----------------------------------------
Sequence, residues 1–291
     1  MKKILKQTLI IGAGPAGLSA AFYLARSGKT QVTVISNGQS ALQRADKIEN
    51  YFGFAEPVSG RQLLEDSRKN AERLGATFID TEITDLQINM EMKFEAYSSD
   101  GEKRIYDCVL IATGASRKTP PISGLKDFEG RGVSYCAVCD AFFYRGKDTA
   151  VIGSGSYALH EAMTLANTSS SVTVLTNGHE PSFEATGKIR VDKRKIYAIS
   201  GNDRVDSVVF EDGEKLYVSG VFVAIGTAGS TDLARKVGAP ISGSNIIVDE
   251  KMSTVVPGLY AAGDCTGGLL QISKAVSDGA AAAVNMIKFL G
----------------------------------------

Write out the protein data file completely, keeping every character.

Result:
Sequence, residues 1–291
     1  MKKILKQTLI IGAGPAGLSA AFYLARSGKT QVTVISNGQS ALQRADKIEN
    51  YFGFAEPVSG RQLLEDSRKN AERLGATFID TEITDLQINM EMKFEAYSSD
   101  GEKRIYDCVL IATGASRKTP PISGLKDFEG RGVSYCAVCD AFFYRGKDTA
   151  VIGSGSYALH EAMTLANTSS SVTVLTNGHE PSFEATGKIR VDKRKIYAIS
   201  GNDRVDSVVF EDGEKLYVSG VFVAIGTAGS TDLARKVGAP ISGSNIIVDE
   251  KMSTVVPGLY AAGDCTGGLL QISKAVSDGA AAAVNMIKFL G